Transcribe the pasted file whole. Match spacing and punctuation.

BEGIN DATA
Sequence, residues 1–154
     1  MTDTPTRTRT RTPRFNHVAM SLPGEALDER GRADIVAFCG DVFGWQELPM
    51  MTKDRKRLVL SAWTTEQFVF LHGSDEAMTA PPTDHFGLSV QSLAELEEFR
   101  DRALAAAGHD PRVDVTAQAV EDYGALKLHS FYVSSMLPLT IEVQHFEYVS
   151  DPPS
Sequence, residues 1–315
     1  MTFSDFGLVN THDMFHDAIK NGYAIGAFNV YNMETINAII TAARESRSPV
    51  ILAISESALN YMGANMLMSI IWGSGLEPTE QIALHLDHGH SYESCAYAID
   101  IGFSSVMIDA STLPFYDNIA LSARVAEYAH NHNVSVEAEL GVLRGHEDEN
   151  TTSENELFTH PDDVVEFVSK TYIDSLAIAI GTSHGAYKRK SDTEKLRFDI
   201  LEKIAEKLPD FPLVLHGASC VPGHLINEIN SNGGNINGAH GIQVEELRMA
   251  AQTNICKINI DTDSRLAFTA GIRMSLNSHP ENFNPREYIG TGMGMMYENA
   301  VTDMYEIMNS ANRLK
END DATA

Sequence, residues 1–154
     1  MTDTPTRTRT RTPRFNHVAM SLPGEALDER GRADIVAFCG DVFGWQELPM
    51  MTKDRKRLVL SAWTTEQFVF LHGSDEAMTA PPTDHFGLSV QSLAELEEFR
   101  DRALAAAGHD PRVDVTAQAV EDYGALKLHS FYVSSMLPLT IEVQHFEYVS
   151  DPPS
Sequence, residues 1–315
     1  MTFSDFGLVN THDMFHDAIK NGYAIGAFNV YNMETINAII TAARESRSPV
    51  ILAISESALN YMGANMLMSI IWGSGLEPTE QIALHLDHGH SYESCAYAID
   101  IGFSSVMIDA STLPFYDNIA LSARVAEYAH NHNVSVEAEL GVLRGHEDEN
   151  TTSENELFTH PDDVVEFVSK TYIDSLAIAI GTSHGAYKRK SDTEKLRFDI
   201  LEKIAEKLPD FPLVLHGASC VPGHLINEIN SNGGNINGAH GIQVEELRMA
   251  AQTNICKINI DTDSRLAFTA GIRMSLNSHP ENFNPREYIG TGMGMMYENA
   301  VTDMYEIMNS ANRLK